Impact of Lowering Confirmatory Test Cutoff Value in Pre-Enlistment Urine Cannabinoids Screening: About Five Years Experience in the French Gendarmerie

Toxicology Department, Institut de Recherche Criminelle de la Gendarmerie Nationale, Rosny sous bois, France.
Journal of analytical toxicology (Impact Factor: 2.86). 08/2012; 36(8):569-74. DOI: 10.1093/jat/bks067
Source: PubMed


The guidelines for screening of urinary cannabinoids require that all specimens testing positive should be confirmed by gas
chromatography–mass spectrometry at a confirmatory test cutoff value of 15 ng/mL of 11-nor-9-carboxy-Δ9-tetrahydrocannabinol
(THCCOOH). To assess the impact of lowering the confirmatory test cutoff value on the diagnostic sensitivity and efficiency
of a cannabinoid testing program, the results of 986 confirmation analyses of positive screening tests, conducted in the framework
of medical fitness examinations prior to enlistment in the French Gendarmerie between January 1, 2005, and December 31, 2009,
were retrospectively studied. If the confirmatory test cutoff value of THCCOOH is set at 5 ng/mL instead of 15 ng/mL as recommended
by guidelines, the number of confirmed results increases by 25.2%. The positive predictive value of the initial screening
test rises from 63.9 to 80.0%. Only one true-positive applicant has appealed. His THCCOOH urinary concentration, which was
incompatible with passive cannabis smoke exposure, was confirmed by another laboratory. The use of a confirmatory test cutoff
value lower than that recommended significantly increases the diagnostic sensitivity of the screening program for urinary
cannabinoids without altering its specificity.

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    • "If the immunoassay is positive, confirmatory testing is required to definitively establish the identity of the THC-COOH metabolite and report the specimen as positive. Confirmatory testing is performed by GC–MS after enzymatic hydrolysis and liquid–liquid extraction according to the method previously published [17]. Among the 26 unconfirmed cannabinoids screening tests – within 172 confirmatory testing carried out in our laboratory between November 1, 2011, and October 31, 2012 – three patients (one female and two males: respectively 47, 36, 48 years old and 65, 69, 105 kg body weight) have confessed to using regularly methoxyisoflavone to the medical officer. "
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    ABSTRACT: Methoxyisoflavone (5-methyl-7-methoxyisoflavone) is a synthetic isoflavone used by bodybuilders for its ergogenic properties. A recent study demonstrated that methoxyisoflavone metabolites can induce false-positive results in urinary immunoassay screening tests for cannabinoids, and only one metabolite has been identified. To improve the knowledge on the metabolic pathways of methoxyisoflavone, ultra-performance liquid chromatography quadrupole time-of-flight mass spectrometry (UPLC-Q-TOF) was applied. Urine samples were obtained from methoxyisoflavone regular users. After enzymatic hydrolysis and liquid-liquid extraction, the samples were analyzed by UPLC-Q-TOF fitted with an electrospray ionization source (ESI) operating under positive ion mode. Mass data were acquired with the MS(E) method. Five metabolites were identified. Those were divided into two metabolic pathways, depending on whether the B ring hydroxylation was preceded or not by the O-demethylation of the methoxy group. The MS(E) mass spectra of methoxyisoflavone and its metabolites are specific of isoflavones structures and revealed 1,3 retro Diels-Alder fragmentation and double CO loss. Losses of small neutral molecules CO and H2O, and radical CH3, typical of flavonoids, were also observed. This study illustrates the capacity of the sensitive UPLC-Q-TOF analytical system, combined with the MS(E) method of collection of fragmentation data, to rapidly elucidate the unknown xenobiotics metabolism.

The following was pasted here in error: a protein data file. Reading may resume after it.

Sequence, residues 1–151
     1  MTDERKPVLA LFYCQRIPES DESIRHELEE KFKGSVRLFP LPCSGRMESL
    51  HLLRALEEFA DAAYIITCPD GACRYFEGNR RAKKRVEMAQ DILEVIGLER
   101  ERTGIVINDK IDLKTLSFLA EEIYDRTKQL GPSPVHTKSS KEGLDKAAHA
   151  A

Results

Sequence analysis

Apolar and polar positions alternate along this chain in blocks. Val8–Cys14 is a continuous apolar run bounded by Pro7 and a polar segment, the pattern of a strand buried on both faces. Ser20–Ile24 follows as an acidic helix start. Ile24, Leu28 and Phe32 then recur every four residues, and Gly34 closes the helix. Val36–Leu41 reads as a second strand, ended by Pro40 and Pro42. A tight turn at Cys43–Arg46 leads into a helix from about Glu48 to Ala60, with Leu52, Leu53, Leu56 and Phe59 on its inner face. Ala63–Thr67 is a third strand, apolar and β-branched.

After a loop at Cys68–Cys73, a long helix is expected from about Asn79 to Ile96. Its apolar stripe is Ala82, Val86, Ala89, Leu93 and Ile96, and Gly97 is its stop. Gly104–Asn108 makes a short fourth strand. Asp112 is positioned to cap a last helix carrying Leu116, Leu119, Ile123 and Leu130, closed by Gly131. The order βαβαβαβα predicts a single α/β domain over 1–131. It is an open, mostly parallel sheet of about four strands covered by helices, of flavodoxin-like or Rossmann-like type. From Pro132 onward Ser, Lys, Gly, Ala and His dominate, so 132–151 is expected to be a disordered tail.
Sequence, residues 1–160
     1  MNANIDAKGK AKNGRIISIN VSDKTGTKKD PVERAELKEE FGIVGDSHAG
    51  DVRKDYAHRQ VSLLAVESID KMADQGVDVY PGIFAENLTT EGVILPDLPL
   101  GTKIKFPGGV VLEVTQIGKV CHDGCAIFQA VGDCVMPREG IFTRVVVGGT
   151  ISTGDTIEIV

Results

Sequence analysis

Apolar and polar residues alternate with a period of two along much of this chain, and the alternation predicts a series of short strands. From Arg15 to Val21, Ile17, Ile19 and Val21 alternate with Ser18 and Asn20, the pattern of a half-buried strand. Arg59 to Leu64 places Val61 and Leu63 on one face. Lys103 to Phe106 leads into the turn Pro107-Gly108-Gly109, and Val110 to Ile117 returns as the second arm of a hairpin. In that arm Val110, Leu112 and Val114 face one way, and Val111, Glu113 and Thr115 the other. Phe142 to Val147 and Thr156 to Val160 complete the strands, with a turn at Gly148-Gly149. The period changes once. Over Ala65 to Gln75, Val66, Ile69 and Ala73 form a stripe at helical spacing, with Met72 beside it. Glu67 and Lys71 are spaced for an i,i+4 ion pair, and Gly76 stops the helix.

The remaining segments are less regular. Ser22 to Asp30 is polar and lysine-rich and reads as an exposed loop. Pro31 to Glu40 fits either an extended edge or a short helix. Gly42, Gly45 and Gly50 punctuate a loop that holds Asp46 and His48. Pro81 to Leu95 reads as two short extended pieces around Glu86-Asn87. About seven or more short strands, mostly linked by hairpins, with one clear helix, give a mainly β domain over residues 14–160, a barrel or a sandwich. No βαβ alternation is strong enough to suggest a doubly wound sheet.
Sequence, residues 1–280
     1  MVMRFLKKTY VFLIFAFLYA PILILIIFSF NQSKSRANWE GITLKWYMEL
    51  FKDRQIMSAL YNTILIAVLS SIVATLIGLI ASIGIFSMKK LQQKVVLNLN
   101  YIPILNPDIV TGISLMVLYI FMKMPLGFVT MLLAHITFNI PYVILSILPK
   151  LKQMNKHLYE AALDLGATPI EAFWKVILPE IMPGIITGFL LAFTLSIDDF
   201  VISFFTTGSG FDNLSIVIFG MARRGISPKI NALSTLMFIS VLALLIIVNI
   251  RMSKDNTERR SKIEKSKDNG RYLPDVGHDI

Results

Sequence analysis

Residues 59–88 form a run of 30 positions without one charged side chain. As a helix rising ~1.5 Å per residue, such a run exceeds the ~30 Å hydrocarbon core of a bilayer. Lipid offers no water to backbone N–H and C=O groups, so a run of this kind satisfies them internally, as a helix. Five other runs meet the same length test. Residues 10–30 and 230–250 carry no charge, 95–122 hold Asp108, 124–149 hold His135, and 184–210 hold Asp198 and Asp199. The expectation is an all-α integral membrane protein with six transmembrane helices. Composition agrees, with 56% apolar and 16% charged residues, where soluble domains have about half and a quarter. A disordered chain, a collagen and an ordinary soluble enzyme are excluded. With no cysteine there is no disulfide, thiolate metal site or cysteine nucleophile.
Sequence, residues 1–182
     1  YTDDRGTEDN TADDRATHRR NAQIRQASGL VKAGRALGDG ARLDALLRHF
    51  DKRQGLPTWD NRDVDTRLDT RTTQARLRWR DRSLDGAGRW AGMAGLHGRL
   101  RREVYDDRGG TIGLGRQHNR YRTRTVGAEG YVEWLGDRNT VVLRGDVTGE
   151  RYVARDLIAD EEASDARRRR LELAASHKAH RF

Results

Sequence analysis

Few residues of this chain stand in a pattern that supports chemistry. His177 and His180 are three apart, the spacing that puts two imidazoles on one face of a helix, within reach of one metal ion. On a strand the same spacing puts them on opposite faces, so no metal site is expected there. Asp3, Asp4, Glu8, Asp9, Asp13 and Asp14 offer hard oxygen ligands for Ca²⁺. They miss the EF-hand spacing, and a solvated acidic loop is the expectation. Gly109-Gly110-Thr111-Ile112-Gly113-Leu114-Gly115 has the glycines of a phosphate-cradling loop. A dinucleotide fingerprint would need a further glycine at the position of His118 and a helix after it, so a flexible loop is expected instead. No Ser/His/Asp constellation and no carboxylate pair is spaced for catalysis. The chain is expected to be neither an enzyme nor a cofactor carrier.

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    ABSTRACT: Drugs of abuse testing is used in various areas of society for detection and follow-up of drug use. In routine laboratory drug testing, immunoassays are employed for initial screening of specimens to indicate the presence of drugs. To confirm a positive screening test, a secondary analysis by mass spectrometry is performed. The »cut-off« is the pre-defined concentration threshold of a drug or drug metabolite above which the sample is considered positive. A reading below this level implies a negative test result. Swedish drug testing laboratories currently employ varying cut-offs to distinguish between a positive and a negative test result. Because a positive drug test may have serious legal consequences to the individual, it is of importance that testing is performed and judged equally, regardless of where it is performed. A national harmonization of cut-offs is therefore warranted. Based on data from four major Swedish drug testing laboratories, and considering the recommendations in international guidelines, a proposal for national harmonization of urine cut-offs for the most common set of drugs of abuse is presented.
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